Trump Signs Order Paving Way for Health-Care Changes

Critics say move will raise premiums for older, less healthy people

The Wall Street Journal
By Michelle Hackman
Updated Oct. 12, 2017 12:31 p.m. ET

President Donald Trump signed an executive order Thursday directing federal agencies to pursue sweeping regulatory changes to the health-care system, the administration’s first move in what it promises will be an extended campaign to weaken the Affordable Care Act without Congress.

The directive will not make immediate changes to the health-care system. Instead, it issues a broad directive to the departments of Labor, Treasury and Health and Human Services to explore regulatory options that would expand access to health-care plans that fall outside the purview of the ACA and its regulations.

Mr. Trump signed the order at a White House ceremony surrounded by small business owners. Vice President Mike Pence attended the event, along with several cabinet secretaries and Sen. Rand Paul (R., Ky.), who helped craft elements of the order.

“This will direct [departments] to take action to increase competition, increase choice, and increase access to lower-cost, high-quality health-care options,” Mr. Trump said. “This will cost the United States virtually nothing, and people will have great, great health care.”

The order directs agencies to ease rules that allow small businesses, and possibly individuals, to band together in arrangements called “association health plans,” letting them buy cheaper, less-comprehensive plans outside the ACA market.

It also eases the pathway for the sale of short-term insurance policies, which the Obama administration restricted. And it will permit employers to deposit money into special accounts that their workers can use to purchase their own insurance plans.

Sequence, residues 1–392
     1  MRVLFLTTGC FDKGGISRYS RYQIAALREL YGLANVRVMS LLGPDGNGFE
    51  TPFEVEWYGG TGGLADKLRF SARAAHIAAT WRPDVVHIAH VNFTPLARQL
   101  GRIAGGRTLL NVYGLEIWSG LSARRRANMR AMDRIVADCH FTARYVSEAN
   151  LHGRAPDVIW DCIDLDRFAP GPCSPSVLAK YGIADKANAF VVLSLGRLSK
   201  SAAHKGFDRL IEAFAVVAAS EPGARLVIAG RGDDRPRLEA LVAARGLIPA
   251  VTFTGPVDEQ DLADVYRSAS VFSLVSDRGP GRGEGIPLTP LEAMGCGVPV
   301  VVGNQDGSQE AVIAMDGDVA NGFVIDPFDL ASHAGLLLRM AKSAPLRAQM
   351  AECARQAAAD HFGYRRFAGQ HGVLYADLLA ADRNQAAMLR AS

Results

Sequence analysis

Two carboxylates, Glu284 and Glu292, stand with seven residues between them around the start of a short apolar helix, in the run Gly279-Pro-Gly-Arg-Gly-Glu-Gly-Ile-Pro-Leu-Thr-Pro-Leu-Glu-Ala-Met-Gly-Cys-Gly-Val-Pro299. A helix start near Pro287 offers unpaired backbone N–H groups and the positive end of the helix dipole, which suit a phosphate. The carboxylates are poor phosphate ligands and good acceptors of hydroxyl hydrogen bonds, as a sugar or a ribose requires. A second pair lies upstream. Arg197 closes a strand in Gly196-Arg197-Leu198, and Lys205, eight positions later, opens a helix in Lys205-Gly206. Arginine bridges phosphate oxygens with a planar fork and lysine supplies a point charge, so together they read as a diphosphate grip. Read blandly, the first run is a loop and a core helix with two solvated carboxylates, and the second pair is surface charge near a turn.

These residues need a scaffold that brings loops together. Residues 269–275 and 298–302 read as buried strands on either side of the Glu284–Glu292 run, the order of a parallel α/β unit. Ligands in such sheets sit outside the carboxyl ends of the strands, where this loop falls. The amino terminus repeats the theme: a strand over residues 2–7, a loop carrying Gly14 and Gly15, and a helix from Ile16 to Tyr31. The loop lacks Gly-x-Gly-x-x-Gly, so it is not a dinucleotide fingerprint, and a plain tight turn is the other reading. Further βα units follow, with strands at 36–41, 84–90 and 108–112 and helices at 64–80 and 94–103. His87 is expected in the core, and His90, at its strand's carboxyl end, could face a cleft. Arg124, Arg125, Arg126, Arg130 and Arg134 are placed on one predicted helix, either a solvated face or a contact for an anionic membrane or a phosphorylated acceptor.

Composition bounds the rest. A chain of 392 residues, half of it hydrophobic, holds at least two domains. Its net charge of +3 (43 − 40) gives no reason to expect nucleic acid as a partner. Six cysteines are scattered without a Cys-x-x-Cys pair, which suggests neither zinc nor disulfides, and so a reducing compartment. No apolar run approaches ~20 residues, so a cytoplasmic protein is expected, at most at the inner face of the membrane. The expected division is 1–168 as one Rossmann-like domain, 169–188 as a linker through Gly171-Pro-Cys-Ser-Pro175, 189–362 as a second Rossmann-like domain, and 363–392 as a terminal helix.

“The competition will be staggering, and insurance companies will be fighting to get everybody signed up,” Mr. Trump said.

Critics say these new options would drain the ACA market of younger, healthier customers, sending costs soaring for older and sicker people who remain in the regulated market. And if those healthier people do get sick, the critics say, they may find their coverage inadequate.

“Having failed to repeal the law in Congress, the president is sabotaging the system, using a wrecking ball to single-handedly rip apart our health-care system,” said Senate Minority Leader Chuck Schumer (D., N.Y.). “This order couldn’t be further from the ‘great health care’ the president promised.”

Mr. Trump, using his authority to accomplish some of what Republicans failed to achieve with their stalled congressional health-care overhaul, directed federal agencies to take actions aimed at providing lower-cost options and fostering competition in the individual insurance markets. The specific steps included in the order represent only the first moves in his White House’s effort to strike parts of the law.